I’ve been anxiously anticipating this week since I returned from Rwanda nearly 10 months ago.
While I’ll never forget the reflective faces and flowered memorials that marked the 19th anniversary of Rwanda’s genocide, somehow this year’s 20th mark has me even more tangled.
It’s not logical, but somehow my mind rationalizes that perhaps the international community couldn’t have changed only 19 years after the systematic killing of over 800,000 Rwandans beginning April 7, 1994.
But 20 years–boy, shouldn’t we have learned by now?
20 years has me reflecting heavily on not only the legacy of the genocide, but also about the role of reporting in conflicts across the world. It was because of what I learned and saw in Rwanda that I became interested in reporting–and it’s failure during those 100 tragic days in Rwandan history.
Fortunately, some reporters have given this some thought. Tom Giles covered the Rwandan genocide as producer for BBC News. He wrote a great article back in 2004 (Media failure over Rwanda’s genocide) where he tackled the accusations that media underplayed the horrors happening in Rwanda.
Most honorably, he admitted that media had missed an opportunity to lobby for action. He says, “What the viewers in London weren’t seeing in scale was what I saw in pictures arriving back in Nairobi – of corpses piled high, decaying skulls and skeletons, terribly-injured children.”
International media has also been accused of only reporting the reaction to the genocide–the spillover of thousands of Rwandan refugees, many of whom were evacuating following participation in the gruesome genocide.
Giles remembers, “London now wanted human stories from the camps, of getting aid to the refugees, of babies born in misery. It was clear even then that this was not a story of refugees or of some distant civil war but of a systematic genocide still being carried out. But it was hard to get this message across – this was a complicated story in a country few people had heard of. Refugees were, at least, a simpler issue.”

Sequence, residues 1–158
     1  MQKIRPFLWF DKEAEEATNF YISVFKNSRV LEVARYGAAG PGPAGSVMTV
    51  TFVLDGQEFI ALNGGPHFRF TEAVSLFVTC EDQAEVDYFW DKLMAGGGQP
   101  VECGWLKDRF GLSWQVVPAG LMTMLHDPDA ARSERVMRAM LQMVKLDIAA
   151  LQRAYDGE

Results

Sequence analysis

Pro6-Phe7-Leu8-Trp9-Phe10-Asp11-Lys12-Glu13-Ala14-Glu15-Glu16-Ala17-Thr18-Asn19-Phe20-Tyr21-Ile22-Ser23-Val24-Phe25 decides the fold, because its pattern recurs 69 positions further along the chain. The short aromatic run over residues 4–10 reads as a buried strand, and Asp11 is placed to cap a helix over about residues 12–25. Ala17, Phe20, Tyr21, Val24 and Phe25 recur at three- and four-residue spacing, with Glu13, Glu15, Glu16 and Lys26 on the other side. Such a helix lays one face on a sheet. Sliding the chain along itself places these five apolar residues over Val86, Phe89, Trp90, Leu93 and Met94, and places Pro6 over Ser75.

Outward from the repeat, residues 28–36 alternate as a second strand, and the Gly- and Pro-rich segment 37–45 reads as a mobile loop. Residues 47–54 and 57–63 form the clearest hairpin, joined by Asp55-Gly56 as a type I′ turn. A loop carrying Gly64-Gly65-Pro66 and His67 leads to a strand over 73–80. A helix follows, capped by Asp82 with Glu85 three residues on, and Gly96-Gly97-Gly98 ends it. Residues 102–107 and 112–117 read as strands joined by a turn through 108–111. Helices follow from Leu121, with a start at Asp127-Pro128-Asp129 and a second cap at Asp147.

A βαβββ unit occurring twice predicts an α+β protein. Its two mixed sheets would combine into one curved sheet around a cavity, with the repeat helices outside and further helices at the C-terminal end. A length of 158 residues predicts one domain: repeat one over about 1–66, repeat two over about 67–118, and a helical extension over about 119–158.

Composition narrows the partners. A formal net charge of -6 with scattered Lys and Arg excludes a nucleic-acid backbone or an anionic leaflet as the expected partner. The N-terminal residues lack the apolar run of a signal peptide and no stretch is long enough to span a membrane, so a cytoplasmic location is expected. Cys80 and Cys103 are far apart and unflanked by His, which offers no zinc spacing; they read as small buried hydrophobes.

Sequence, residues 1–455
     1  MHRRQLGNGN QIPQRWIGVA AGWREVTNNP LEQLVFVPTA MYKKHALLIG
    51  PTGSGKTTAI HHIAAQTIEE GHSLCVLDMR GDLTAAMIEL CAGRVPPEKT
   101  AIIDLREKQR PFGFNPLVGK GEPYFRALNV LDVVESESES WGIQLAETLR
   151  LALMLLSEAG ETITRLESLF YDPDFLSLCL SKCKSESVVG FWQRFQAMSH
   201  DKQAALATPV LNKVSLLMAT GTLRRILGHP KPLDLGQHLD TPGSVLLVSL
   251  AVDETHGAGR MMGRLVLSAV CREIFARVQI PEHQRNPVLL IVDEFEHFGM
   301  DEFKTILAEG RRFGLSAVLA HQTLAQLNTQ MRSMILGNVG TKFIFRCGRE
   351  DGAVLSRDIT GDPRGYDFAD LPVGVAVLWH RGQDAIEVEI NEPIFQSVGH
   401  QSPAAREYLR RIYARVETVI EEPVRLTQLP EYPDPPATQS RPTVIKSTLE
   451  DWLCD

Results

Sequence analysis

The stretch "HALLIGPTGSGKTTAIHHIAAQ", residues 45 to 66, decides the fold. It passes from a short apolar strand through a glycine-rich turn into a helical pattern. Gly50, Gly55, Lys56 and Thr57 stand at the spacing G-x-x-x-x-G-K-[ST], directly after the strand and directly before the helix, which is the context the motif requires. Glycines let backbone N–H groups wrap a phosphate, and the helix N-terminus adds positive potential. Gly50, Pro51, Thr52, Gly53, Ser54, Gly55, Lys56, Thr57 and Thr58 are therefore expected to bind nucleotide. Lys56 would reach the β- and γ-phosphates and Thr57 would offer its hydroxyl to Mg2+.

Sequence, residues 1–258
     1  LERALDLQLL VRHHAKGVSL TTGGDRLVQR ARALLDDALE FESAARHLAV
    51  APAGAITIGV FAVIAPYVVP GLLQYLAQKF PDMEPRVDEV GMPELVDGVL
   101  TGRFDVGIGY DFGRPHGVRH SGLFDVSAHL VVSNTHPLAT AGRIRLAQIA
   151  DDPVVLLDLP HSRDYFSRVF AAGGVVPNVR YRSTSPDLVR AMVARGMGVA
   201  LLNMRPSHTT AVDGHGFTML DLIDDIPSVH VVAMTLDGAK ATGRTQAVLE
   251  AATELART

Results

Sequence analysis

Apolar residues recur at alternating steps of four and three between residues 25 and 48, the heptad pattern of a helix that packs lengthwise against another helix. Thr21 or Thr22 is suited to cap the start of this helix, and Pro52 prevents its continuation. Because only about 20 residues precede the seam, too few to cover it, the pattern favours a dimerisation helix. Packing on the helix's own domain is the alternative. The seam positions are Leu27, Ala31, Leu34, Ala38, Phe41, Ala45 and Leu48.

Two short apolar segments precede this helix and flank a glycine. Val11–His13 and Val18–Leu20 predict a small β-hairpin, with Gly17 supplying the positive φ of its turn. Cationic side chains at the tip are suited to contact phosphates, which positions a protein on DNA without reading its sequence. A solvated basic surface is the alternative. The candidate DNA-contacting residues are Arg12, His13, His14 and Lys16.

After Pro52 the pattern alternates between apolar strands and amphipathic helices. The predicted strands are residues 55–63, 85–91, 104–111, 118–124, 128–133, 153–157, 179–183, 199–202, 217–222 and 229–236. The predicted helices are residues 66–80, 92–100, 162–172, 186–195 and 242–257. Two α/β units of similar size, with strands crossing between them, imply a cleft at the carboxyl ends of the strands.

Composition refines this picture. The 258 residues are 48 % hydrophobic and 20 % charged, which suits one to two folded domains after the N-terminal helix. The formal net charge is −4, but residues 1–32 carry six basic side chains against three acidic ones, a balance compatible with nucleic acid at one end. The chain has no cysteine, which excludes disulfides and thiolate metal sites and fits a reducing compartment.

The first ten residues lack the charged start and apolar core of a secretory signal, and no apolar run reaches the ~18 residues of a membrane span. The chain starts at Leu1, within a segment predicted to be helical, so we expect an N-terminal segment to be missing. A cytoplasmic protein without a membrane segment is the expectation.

It is this quest for simplicity, for clean, tidy bows, and for money that I believe often puts truth on the back-burner.
Conflict isn’t tidy. It’s not always refugees and child soldiers, which the audience has become accustomed to seeing. The job for humanitarian reporters has become exceptionally difficult, as the enemy has transcended warlords and militias. For the First World, the enemy is desensitization
As one would expect, the 20th anniversary has international media hubs buzzing about Rwanda’s incredible recovery, reconciliation, and hope. And while I, too, am inspired and moved by this, I have to wonder–in the face of conflict in Syria, CAR, and South Sudan–if we should not give more time to assess how the international community and global media has changed… If at all.
In the meantime, here are some of (in my opinion) the best pieces commemorating the genocide in Rwanda:
- A Good Man in Rwanda. This article by BBC News follows one reporter’s memory of a brave Senegalese UN worker who managed to save hundreds of Rwandan lives.
- Portraits of Reconciliation is a New York Times piece that photographs genocide forgiveness between perpetrators and the families of those they killed.
- Rwanda wasn’t what I thought it would be. In this editorial, the reporter relives her 2012 arrival in Rwanda and how the country exceeded her expectations and proved to be so much more than media had delivered.
Say a prayer or send good vibes to Rwanda this week.
If you are neutral in situations of injustice, you have chosen the side of the oppressor. – Desmond Tutu